• Distal Femur Replacement versus Open Reduction and Internal Fixation for Treatment of Periprosthetic Distal Femur Fractures: Systematic Review and Meta-Analysis. Journal of orthopaedic trauma Wadhwa, H. n., Salazar, B. P., Goodnough, L. H., Van Rysselberghe, N. L., DeBaun, M. R., Wong, H. N., Gardner, M. J., Bishop, J. A. 2021

    Abstract

    To compare complications and functional outcomes of treatment with primary distal femoral replacement (DFR) versus open reduction and internal fixation (ORIF).PubMed, Embase, and Cochrane databases were searched for English language studies up to May 19, 2020, identifying 913 studies.Studies that assessed complications of periprosthetic distal femur fractures with primary DFR or ORIF were included. Studies with sample size ≤5, mean age <55, nontraumatic indications for DFR, ORIF with non-locking plates, native distal femoral fractures, or revision surgeries were excluded. Selection adhered to PRISMA criteria.Study quality was assessed using previously reported criteria. There were 40 Level IV studies, 17 Level III studies, and 1 Level II study.Fifty-eight studies with 1,484 patients were included in the meta-analysis. Complications assessed (Incidence Rate Ratio (IRR) (95%CI): 0.78 (0.59-1.03)) and reoperation or revision (IRR (95%CI): 0.71 (0.49-1.04)) were similar between the DFR and ORIF cohorts. Mean knee range of motion (ROM) was greater in the ORIF cohort (DFR: 90.47 vs. ORIF: 100.36, p < 0.05). Mean Knee Society Score (KSS) (DFR: 79.41 vs. ORIF: 82.07, p = 0.35) and return to preoperative ambulatory status were similar (IRR (95%CI): 0.82 (0.48-1.41)).In comparing complications among patients treated for periprosthetic distal femur fracture with DFR or ORIF, there was no difference between the groups. There were also no differences in functional outcomes, although knee ROM was greater in the ORIF group. This systematic review and meta-analysis highlights the need for future prospective trials evaluating the outcomes of these divergent treatment strategies.Diagnostic Level III. See Instructions for Authors for a complete description of levels of evidence.

    View details for DOI 10.1097/BOT.0000000000002141

    View details for PubMedID 34001801

  • Lateral Distractor Use During Internal Fixation of Tibial Plateau Fractures Has Minimal Risk of Iatrogenic Peroneal Nerve Palsy. Journal of orthopaedic trauma Chen, M. J., Salazar, B. P., Tigchelaar, S. S., Frey, C. S., DeBaun, M. R., Goodnough, L. H., Bellino, M. J., Bishop, J. A., Gardner, M. J. 2020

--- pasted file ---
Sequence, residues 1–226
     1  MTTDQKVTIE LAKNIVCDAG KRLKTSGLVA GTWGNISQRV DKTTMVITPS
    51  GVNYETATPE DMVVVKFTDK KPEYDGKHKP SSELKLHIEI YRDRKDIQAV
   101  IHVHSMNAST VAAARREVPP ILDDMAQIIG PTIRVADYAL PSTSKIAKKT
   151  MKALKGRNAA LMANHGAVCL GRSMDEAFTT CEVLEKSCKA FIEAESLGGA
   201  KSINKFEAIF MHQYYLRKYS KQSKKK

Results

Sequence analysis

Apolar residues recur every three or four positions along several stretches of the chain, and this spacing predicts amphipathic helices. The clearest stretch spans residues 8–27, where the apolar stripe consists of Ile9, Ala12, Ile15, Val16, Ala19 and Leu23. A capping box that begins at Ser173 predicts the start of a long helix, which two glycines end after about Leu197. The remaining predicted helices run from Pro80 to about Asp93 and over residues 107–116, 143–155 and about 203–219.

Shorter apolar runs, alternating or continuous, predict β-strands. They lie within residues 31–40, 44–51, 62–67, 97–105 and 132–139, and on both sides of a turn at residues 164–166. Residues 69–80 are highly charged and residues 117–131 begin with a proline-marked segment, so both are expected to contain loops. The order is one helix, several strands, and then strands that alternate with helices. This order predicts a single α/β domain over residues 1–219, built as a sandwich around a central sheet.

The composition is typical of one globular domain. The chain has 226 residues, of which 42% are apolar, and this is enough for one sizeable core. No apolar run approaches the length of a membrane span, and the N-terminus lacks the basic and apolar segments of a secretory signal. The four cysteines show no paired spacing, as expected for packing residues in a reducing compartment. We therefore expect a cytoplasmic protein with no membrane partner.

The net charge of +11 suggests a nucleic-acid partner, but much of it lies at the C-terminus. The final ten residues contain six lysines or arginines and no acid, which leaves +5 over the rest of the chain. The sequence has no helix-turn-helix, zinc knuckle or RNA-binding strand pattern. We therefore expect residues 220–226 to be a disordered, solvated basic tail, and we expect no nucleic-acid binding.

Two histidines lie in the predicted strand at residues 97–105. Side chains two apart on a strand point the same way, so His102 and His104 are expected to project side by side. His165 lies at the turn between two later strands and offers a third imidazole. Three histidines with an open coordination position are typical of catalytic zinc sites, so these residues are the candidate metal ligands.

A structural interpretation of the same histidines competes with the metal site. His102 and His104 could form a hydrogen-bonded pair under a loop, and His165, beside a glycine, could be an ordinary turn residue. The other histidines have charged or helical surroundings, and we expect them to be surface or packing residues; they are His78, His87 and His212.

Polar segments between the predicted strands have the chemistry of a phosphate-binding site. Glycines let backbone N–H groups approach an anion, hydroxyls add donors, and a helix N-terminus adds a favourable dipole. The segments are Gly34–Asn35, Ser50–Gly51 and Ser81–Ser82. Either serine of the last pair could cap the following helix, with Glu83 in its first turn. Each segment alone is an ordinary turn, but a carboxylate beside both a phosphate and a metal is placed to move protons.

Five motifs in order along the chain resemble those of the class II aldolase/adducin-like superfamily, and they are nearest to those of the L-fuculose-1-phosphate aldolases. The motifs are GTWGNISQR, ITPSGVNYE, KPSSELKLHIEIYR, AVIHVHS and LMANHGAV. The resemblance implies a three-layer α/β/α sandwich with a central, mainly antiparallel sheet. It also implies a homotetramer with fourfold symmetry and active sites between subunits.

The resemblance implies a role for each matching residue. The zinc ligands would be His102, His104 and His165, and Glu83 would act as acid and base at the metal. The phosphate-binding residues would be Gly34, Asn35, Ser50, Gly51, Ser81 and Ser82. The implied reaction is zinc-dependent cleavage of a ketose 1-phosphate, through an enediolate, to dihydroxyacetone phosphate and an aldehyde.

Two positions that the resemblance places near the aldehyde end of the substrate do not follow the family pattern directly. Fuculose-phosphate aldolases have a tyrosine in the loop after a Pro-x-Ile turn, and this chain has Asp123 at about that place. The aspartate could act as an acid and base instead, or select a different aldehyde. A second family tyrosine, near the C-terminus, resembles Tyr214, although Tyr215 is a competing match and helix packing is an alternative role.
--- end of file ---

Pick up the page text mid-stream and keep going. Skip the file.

Abstract

    OBJECTIVES: To determine the incidence of iatrogenic peroneal nerve palsy after application of an intraoperative lateral distractor during open reduction and internal fixation (ORIF) of tibial plateau fractures (TPF).DESIGN: Retrospective review.SETTING: Single academic Level I trauma center.PATIENTS: One hundred and forty-seven patients met criteria and were included in the study.INTERVENTION: Patients with unicondylar and bicondylar TPFs underwent ORIF and received application of an intraoperative lateral distractor to aid in visualization and reduction of the impacted lateral plateau.MAIN OUTCOME MEASUREMENTS: Incidence of iatrogenic peroneal nerve palsy.RESULTS: There was a 2.0% incidence of iatrogenic peroneal nerve symptoms (three of 147 patients), the majority of which were incomplete sensory deficits. There was no association with staged external fixation, regional anesthesia, or tourniquet use.CONCLUSION: Use of an intraoperative lateral distractor is safe and has a low incidence of iatrogenic peroneal nerve palsy if applied carefully.LEVEL OF EVIDENCE: Prognostic level IV. See Instructions for Authors for a complete description of levels of evidence.

    View details for DOI 10.1097/BOT.0000000000001875

    View details for PubMedID 33165211

  • Delayed Union of a Diaphyseal Forearm Fracture Associated With Impaired Osteogenic Differentiation of Prospectively Isolated Human Skeletal Stem Cells. JBMR plus Goodnough, L. H., Ambrosi, T. H., Steininger, H., DeBaun, M. R., Abrams, G. D., McAdams, T. R., Gardner, M. J., Chan, C. K., Bishop, J. A. 2020; 4 (10): e10398

    Abstract

    Delayed union or nonunion are relatively rare complications after fracture surgery, but when they do occur, they can result in substantial morbidity for the patient. In many cases, the etiology of impaired fracture healing is uncertain and attempts to determine the molecular basis for delayed union and nonunion formation have been limited. Prospectively isolating skeletal stem cells (SSCs) from fracture tissue samples at the time of surgical intervention represent a feasible methodology to determine a patient's biologic risk for compromised fracture healing. This report details a case in which functional in vitro readouts of SSCs derived from human fracture tissue at time of injury predicted a poor fracture healing outcome. This case suggests that it may be feasible to stratify a patient's fracture healing capacity and predict compromised fracture healing by prospectively isolating and analyzing SSCs during the index fracture surgery. © 2020 The Authors. JBMR Plus published by Wiley Periodicals LLC on behalf of American Society for Bone and Mineral Research.

    View details for DOI 10.1002/jbm4.10398

    View details for PubMedID 33103027

  • Human skeletal stem cell aging. Aging Ambrosi, T. H., Goodnough, L. H., Chan, C. K. 2020

    View details for DOI 10.18632/aging.104034

    View details for PubMedID 32929053